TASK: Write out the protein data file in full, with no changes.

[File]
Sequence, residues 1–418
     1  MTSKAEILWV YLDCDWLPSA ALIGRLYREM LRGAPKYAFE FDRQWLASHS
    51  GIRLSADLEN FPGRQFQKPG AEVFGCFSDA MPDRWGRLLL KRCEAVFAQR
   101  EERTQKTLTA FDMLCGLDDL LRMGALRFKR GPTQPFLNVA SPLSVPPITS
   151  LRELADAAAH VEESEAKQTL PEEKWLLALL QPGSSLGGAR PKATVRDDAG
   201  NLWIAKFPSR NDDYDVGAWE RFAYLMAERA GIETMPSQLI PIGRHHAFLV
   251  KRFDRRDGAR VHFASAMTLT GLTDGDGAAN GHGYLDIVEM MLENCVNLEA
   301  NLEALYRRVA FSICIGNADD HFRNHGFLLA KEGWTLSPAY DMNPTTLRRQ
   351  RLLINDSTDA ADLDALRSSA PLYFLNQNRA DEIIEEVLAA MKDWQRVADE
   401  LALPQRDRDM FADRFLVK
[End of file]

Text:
Sequence, residues 1–418
     1  MTSKAEILWV YLDCDWLPSA ALIGRLYREM LRGAPKYAFE FDRQWLASHS
    51  GIRLSADLEN FPGRQFQKPG AEVFGCFSDA MPDRWGRLLL KRCEAVFAQR
   101  EERTQKTLTA FDMLCGLDDL LRMGALRFKR GPTQPFLNVA SPLSVPPITS
   151  LRELADAAAH VEESEAKQTL PEEKWLLALL QPGSSLGGAR PKATVRDDAG
   201  NLWIAKFPSR NDDYDVGAWE RFAYLMAERA GIETMPSQLI PIGRHHAFLV
   251  KRFDRRDGAR VHFASAMTLT GLTDGDGAAN GHGYLDIVEM MLENCVNLEA
   301  NLEALYRRVA FSICIGNADD HFRNHGFLLA KEGWTLSPAY DMNPTTLRRQ
   351  RLLINDSTDA ADLDALRSSA PLYFLNQNRA DEIIEEVLAA MKDWQRVADE
   401  LALPQRDRDM FADRFLVK